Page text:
Voice Off: Students on Recent SAT, FSA Testing

Mia McKell and Veronica Falcon

Standardized testing is a mandatory part of every student’s school year, and this week, sophomores and juniors were no exception to this rule. This past Wednesday, juniors participated in a free school-day SAT, while sophomores took the FSA writing assessment throughout the week.

Staffers Mia McKell and Veronica Falcon interviewed students about this week’s testing. Read below to see how each student felt about their testing experience.


The FSA ELA test is an evaluation in which students are required to compose an essay within a time frame based off a set prompt.

Claire White (’18)

Q: Do you feel you were prepared for the FSA?

A: “I didn’t, we haven’t done a lot of practice, we’ve written like two essays and those in like the first nine weeks, so no.”

Q: How was your personal FSA experience?

A: “The topic was really boring, the prompts are never good, so like you can’t do much that and you get really bored with it really fast. I don’t know what its preparing us for though, because the essays we write for English have more outlined requirements but on these it just says ‘write about it’ and don’t give any requirements. For English you have to have certain things for it to make you go in-depth with them but these you can just pull random quotes from it and do whatever you want with them.”

Q: How do you think you did?

A: “I feel like nobody does bad on those since there is like no specifications on what to do. You can just do whatever you interpret it to be, whatever way you want, so I feel like everyone always does good on them”

Milin Kurupt (’18)

Q: Did you feel prepared for the FSA?

A: ” I felt prepared because Mrs. DiFed told us exactly  how to prepare for it, she taught us the structure of how to write.”

Q: What was your experience like while taking it?

A: “I felt confident about what I [was] doing”

Q: How do you think you did?

A: “I think I got a ten on it, because I used proper evidence to support my thesis”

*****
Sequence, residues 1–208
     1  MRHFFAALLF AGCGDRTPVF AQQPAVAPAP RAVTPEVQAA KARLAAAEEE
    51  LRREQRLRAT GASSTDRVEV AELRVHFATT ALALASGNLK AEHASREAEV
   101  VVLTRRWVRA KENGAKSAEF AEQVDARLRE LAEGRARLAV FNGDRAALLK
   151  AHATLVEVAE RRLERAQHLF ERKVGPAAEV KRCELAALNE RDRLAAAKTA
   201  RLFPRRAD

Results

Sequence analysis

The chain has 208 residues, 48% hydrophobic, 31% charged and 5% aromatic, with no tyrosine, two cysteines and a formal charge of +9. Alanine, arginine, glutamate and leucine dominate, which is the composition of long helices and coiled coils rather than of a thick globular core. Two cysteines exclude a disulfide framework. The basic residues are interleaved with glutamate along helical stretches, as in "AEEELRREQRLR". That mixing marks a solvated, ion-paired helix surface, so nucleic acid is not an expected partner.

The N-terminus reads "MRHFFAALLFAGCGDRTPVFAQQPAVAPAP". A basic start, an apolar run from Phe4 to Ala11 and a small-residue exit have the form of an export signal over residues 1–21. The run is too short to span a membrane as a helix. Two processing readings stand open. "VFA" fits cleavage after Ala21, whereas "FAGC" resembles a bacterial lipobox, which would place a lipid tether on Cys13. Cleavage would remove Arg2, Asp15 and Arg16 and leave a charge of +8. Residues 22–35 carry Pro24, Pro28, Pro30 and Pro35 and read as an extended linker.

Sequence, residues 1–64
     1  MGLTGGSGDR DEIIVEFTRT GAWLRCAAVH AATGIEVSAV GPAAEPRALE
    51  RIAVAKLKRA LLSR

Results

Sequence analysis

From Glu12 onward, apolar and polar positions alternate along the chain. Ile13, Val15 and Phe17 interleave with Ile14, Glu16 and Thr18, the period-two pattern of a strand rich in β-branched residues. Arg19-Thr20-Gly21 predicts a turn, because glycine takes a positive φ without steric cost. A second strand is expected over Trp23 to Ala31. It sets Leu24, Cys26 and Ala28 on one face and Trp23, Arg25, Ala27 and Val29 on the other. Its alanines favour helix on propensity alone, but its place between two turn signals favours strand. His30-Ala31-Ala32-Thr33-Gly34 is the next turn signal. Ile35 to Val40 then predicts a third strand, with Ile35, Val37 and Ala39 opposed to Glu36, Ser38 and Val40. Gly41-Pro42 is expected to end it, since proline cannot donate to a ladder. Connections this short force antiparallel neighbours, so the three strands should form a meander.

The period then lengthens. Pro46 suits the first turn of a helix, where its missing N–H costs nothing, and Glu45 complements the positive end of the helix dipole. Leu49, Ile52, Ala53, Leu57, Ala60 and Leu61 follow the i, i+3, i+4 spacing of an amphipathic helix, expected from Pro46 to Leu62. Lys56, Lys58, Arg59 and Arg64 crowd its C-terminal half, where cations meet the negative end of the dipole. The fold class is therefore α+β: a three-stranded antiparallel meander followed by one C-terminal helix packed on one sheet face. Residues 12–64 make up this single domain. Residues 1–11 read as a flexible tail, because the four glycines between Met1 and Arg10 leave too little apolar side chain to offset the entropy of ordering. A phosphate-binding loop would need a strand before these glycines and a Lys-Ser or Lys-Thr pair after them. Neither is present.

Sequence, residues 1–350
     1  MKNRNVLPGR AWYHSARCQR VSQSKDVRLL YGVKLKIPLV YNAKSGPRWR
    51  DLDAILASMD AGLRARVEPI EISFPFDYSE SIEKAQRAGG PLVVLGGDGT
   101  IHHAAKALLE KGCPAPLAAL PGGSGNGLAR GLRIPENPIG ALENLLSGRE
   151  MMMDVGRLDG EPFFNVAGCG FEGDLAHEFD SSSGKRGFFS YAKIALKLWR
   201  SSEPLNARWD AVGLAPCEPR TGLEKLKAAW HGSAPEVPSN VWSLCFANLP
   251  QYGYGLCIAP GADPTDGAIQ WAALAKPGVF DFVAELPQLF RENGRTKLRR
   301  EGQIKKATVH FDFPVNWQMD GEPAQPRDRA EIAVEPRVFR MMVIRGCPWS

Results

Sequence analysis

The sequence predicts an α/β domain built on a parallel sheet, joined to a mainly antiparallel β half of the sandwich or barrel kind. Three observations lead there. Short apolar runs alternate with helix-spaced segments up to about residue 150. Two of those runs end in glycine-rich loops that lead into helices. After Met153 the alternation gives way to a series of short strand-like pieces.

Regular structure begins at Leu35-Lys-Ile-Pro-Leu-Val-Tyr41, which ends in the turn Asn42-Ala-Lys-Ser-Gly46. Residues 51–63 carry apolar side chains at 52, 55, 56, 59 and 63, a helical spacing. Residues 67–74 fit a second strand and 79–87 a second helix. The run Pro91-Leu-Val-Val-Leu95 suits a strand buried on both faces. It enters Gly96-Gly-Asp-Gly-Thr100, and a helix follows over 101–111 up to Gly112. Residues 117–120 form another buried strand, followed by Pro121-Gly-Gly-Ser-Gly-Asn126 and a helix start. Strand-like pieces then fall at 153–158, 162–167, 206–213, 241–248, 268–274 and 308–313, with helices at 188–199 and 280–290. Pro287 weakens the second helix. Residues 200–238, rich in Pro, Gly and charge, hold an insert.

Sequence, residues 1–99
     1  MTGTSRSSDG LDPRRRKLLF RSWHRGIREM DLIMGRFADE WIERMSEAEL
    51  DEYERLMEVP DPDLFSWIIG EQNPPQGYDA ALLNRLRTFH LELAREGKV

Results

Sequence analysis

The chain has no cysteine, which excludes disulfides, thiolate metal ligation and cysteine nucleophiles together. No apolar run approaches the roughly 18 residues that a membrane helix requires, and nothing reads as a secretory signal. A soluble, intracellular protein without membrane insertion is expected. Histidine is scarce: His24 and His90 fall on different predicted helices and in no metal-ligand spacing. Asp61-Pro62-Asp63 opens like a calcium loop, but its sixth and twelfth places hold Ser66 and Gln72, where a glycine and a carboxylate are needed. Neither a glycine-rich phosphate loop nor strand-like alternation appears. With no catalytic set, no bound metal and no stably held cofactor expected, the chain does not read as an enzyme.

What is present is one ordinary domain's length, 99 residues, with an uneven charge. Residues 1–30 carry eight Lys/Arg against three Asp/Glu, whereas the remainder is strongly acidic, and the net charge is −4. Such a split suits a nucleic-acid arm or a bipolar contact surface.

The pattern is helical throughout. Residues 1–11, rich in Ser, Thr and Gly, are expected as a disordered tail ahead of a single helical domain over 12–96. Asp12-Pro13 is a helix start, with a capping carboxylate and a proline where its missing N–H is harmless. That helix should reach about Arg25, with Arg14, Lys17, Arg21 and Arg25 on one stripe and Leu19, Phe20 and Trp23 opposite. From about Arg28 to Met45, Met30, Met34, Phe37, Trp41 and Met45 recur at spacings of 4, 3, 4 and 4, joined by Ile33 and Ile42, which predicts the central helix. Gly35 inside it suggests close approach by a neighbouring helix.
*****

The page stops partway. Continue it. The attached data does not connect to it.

The SAT is a four-part consisting of tests in critical reading, writing and math, including an essay. A student’s score on the SAT is evaluated on a point system from 400 to 1600, with a separate scaled score for the essay. How well one performs can factor into the college admissions process.

Ryan Zesiger (’17)

Q: Did you feel like you were prepared for the SAT?

A: “[I felt] a little prepared, I’ve been going to tutoring and stuff, and then I’m going to prepare more for the next one I want to take because I want to take it at least 3 times.”

Q: How was your personal SAT experience?

A: “It wasn’t as bad as I thought it would be… it was kind of easy. I didn’t overthink it.”

Q: Do you think it is beneficial to take the SAT in school?

A: “No, not really, I mean you kind of have to take it so you can just take it whenever they are doing it. They do it at different locations so you can just sign up for it. It is beneficial because it’s free.”

Katherine Sibley (’17)

Q: Did you feel like you were prepared for the SAT?

A: “I watched a couple Crash Course videos at like 10:30 the night before, so I probably could have prepared more but… eh.”

Q: How was your personal SAT experience?

A: “Math was rough but I’m not a math person so I guess it really just depends on what your personal strengths are, like whether you’re better at say English or Math.”

Q: Do you think it’s beneficial to take the SAT at school?

A: “I think it definitely helped, everyone was in the same boat so it was us all taking the same test. There are definitely variations within the test and it’s a lot easier to take it with people who are going through the same thing as you.”